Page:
Review text
    The Canadian Chekhov's ninth book (after her recent triumphs Friend of My Youth, 1990, and Open Secrets, 1994) contains eight long stories that resemble Munro's mature work in their tendency toward leisurely development and complex narrative. As always, their province is both the author's native Ontario and the experiential territory denoted by the title of an earlier volume, Lives of Girls and Women (1973). The inchoate understanding possessed by husbands and wives whose intimacies never fully accommodate their unshared histories, siblings who have inevitably endured (or imagined) imbalance and unfairness, parents and children unhinged by the emotional variations to which their one flesh is susceptible - all are central to these elaborately woven tales of people's disillusioning plunges into the depths of their own and others' lives. But this time around the stories seem overloaded, distended by successive disclosures that move us unconvincingly away from their thematic and structural centers. In "Save the Reaper," for instance, essential details about its characters' relationships are withheld for so long that we never empathize sufficiently with the harried, lonely grandmother whose momentary impulsiveness endangers her family and herself. "My Mother's Dream" reimagines from a daughter's perspective - and in almost ludicrously melodramatic terms - her mother's ordeal among her late husband's controlling family. "The Children stay" overemphatically delineates the moral unraveling of an adulterous wife who unwisely makes "the choice of fantasy." To be fair, a few of the stories are, even by Munro's high standards, exemplary: notably "Cortes Island," in which a bored housewife's vivid imagination may or may not have exaggerated incriminating facts about her odd landlords; and especially the fine title novella, about the death of a small-town optometrist, the extremities to which well-meaning ordinary people are driven, and the burden helplessly shouldered by a "practical nurse" (there's a lovely irony therein) caught between "Trying to ease people. Trying to be good" and telling what she wishes not to know. A mixed bag, then, through which we too often sense Munro straining to extend and intensify her stories. The unfortunate result is her weakest book yet. (Kirkus Reviews)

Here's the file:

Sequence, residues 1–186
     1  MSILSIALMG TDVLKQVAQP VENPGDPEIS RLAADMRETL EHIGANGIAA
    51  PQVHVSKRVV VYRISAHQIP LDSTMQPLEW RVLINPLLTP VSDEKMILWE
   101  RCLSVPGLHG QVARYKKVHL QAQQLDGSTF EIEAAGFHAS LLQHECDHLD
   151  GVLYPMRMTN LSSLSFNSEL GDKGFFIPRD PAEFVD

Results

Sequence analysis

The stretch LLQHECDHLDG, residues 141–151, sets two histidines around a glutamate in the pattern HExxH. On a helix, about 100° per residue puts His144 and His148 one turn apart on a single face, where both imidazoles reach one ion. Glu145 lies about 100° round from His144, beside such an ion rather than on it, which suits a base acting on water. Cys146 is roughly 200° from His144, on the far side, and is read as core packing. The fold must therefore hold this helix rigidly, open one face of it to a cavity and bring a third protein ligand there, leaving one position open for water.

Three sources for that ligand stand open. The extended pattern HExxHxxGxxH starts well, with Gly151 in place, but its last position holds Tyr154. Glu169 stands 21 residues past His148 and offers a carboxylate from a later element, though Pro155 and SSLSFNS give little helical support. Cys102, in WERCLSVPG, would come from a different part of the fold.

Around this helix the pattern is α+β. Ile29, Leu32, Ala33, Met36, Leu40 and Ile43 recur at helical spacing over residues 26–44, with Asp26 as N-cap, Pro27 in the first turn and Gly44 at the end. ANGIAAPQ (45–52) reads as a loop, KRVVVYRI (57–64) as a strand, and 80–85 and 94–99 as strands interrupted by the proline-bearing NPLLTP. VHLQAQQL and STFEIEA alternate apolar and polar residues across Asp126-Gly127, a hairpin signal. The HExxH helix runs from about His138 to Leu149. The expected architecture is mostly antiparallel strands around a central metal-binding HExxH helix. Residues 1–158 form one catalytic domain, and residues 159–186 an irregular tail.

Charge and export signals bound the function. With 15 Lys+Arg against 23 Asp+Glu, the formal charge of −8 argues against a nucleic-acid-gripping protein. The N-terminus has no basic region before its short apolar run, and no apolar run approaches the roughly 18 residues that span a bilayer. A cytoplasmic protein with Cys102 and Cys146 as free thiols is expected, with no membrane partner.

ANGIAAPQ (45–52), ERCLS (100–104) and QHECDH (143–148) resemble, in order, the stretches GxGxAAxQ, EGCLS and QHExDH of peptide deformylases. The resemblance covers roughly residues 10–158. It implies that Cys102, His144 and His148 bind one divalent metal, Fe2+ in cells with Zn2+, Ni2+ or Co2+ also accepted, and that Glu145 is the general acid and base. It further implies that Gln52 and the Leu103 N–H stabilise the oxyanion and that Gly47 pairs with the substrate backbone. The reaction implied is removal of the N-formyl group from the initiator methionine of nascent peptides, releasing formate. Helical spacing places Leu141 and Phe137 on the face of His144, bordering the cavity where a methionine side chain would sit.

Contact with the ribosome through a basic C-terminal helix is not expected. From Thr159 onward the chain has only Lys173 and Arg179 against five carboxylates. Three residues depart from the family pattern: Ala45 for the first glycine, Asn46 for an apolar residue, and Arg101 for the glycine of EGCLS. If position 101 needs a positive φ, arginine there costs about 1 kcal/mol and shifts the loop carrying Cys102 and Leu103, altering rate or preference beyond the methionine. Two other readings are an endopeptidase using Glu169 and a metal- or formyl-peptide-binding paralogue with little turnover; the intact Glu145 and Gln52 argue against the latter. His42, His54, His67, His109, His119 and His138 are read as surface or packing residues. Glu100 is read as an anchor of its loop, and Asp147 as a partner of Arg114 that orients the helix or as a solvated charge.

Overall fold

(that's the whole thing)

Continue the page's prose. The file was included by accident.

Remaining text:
Flap copy
    In eight new stories, a master of the form extends and magnifies her great themes--the vagaries of love, the passion that leads down unexpected paths, the chaos hovering just under the surface of things, and the strange, often comical desires of the human heart. Time stretches out in some of the stories: a man and a woman look back forty years to the summer they met--the summer, as it turns out, that the true nature of their lives was revealed. In others time is telescoped: a young girl finds in the course of an evening that the mother she adores, and whose fluttery sexuality she hopes to emulate, will not sustain her--she must count on herself. Some choices are made--in a will, in a decision to leave home--with irrevocable and surprising consequences. At other times disaster is courted or barely skirted: when a mother has a startling dream about her baby; when a woman, driving her grandchildren to visit the lakeside haunts of her youth, starts a game that could have dangerous consequences. The rich layering that gives Alice Munro's work so strong a sense of life is particularly apparent in the title story, in which the death of a local optometrist brings an entire town into focus--from the preadolescent boys who find his body, to the man who probably killed him, to the woman who must decide what to do about what she might know. Large, moving, profound--these are stories that extend the limits of fiction.